Most folks would agree that fries are a yummy comfort food. But those golden tidbits are probably not helping us to feel any happier. On the contrary, a new study by researchers at Zhejiang University in China shows that bingeing on fried foods, particularly French fries, might not be good for our mental health. It can worsen depression and anxiety.
The researchers came to this conclusion after analyzing data from more than 140,000 people over 11 years old that they gathered from the UK Biobank, a large-scale medical database and research resource that contains in-depth genetic and health information from half a million UK participants. The data the Chinese researchers used included fried food consumption and the incidence of anxiety and depression during an average follow-up period of 11.3 years.
By the end of the study period, they had identified nearly 8,300 cases of anxiety and over 12,700 cases of depression. The team found that participants consuming more than one serving of fried food per day were 12 percent more likely to experience anxiety-related issues; they also had a 7 percent greater risk of depression than people who usually passed on fried foods.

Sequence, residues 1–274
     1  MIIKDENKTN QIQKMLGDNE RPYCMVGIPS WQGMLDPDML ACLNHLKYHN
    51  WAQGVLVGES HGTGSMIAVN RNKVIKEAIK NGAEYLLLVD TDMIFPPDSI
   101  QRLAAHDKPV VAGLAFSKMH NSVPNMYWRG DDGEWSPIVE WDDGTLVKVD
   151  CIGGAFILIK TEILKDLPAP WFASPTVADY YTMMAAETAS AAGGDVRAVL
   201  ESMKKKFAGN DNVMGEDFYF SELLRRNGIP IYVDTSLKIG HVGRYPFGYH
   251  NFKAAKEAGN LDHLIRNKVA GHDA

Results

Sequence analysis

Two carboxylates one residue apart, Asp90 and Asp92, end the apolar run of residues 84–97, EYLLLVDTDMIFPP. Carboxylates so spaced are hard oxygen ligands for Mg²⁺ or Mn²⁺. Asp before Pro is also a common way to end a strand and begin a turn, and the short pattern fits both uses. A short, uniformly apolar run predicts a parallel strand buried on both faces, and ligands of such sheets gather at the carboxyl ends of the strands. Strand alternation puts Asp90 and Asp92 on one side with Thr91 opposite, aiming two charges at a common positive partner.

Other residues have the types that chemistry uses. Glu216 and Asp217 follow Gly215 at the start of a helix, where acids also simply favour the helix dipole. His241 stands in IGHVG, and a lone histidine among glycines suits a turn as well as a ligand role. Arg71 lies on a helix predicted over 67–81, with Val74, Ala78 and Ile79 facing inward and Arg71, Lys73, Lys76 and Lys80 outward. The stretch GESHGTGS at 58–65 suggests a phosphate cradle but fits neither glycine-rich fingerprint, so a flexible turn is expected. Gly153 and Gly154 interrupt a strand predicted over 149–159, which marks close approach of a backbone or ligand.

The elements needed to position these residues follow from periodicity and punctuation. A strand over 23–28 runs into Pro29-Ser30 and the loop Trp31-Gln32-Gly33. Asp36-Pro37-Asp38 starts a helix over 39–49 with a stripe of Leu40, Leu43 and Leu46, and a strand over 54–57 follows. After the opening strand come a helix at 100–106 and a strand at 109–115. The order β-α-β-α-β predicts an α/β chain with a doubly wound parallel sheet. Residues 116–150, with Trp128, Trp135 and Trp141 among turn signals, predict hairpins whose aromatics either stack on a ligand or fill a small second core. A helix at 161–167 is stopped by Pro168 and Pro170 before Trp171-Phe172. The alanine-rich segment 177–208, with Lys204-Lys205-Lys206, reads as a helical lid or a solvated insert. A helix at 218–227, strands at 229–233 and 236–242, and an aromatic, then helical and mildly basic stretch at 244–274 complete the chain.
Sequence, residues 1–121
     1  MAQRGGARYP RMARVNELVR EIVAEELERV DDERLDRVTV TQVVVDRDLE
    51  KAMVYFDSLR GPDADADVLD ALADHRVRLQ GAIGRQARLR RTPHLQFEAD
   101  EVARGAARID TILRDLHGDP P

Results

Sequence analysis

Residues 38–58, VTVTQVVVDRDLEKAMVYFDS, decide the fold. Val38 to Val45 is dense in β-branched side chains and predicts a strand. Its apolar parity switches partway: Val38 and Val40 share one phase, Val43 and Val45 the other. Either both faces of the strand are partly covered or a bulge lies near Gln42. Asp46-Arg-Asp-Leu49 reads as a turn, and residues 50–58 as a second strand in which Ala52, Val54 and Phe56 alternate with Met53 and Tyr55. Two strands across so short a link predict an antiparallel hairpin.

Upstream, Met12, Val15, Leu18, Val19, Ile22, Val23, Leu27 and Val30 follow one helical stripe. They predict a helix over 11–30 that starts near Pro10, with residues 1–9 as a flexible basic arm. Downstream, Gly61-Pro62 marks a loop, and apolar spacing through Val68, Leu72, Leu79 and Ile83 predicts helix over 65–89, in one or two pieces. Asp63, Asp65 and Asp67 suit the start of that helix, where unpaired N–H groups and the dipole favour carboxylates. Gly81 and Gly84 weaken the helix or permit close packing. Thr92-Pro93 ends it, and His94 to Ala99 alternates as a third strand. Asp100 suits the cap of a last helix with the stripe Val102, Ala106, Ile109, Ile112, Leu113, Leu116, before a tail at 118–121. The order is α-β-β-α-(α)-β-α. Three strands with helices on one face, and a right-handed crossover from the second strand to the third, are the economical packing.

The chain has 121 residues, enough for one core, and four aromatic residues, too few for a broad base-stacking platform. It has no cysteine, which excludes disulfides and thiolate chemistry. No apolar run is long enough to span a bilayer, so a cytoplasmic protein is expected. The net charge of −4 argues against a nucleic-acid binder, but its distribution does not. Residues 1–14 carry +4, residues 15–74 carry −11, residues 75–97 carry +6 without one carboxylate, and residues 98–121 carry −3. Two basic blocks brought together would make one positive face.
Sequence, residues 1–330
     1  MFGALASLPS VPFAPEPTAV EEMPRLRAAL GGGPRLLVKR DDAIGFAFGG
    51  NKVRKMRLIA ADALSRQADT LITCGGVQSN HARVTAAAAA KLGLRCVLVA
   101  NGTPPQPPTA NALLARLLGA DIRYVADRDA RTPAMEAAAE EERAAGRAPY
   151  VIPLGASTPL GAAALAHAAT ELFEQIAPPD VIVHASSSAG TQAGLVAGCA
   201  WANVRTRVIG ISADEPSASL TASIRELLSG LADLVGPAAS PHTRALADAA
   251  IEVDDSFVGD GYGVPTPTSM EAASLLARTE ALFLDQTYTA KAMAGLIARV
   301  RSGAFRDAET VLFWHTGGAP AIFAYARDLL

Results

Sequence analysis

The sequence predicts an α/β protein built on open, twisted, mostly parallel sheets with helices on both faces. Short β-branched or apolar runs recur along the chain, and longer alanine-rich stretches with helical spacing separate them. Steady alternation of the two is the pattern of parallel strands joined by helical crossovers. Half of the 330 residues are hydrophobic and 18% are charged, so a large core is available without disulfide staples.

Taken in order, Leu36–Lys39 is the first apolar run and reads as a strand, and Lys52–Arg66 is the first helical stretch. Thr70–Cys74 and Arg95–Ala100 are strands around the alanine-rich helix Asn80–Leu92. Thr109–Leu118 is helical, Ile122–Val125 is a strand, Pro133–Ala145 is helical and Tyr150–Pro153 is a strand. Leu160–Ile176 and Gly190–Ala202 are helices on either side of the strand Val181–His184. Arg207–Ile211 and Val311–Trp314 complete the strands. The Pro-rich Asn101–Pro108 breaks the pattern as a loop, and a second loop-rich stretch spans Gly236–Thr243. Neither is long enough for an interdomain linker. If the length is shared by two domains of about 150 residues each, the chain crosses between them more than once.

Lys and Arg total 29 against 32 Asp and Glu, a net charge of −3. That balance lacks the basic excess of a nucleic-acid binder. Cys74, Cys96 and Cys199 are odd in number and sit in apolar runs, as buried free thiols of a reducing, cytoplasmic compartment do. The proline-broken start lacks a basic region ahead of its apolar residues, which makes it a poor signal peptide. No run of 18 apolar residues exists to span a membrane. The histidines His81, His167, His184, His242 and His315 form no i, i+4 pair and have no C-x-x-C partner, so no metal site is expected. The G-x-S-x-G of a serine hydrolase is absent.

If you want to improve your mental health, as well as your physical health, consider reducing the consumption of fried food.
These results, the researchers point out, “open an avenue in the significance of reducing fried food consumption for mental health.” In other words, it seems possible that reducing the consumption of fried foods could be helpful for mental health in addition to overall health.
The results suggest that a chemical formed during the frying process, especially in fried potatoes — acrylamide — may be the mechanism behind the higher risk of anxiety and depression. The researchers came to this hypothesis after studying the effects of acrylamide on zebrafish.
Exposure to acrylamide prompted the fish to lie in the tank’s dark zones, which is often a sign of anxiety in fish. Also, zebrafish that were exposed to the toxic chemical didn’t explore their tanks or socialize with other zebrafish the way they typically would, the researchers said, another signal that they could be feeling depressed.
When it comes to humans, however, the relationship may work the other way: It could be that people with underlying symptoms of depression and anxiety could turn to comfort foods, such as French fries, as a way of self-medicating. Still, the research highlights the importance of raising awareness about the potential downside of consuming fried food, especially among younger people.
The study is published in PNAS, Proceedings of the National Academy of Sciences.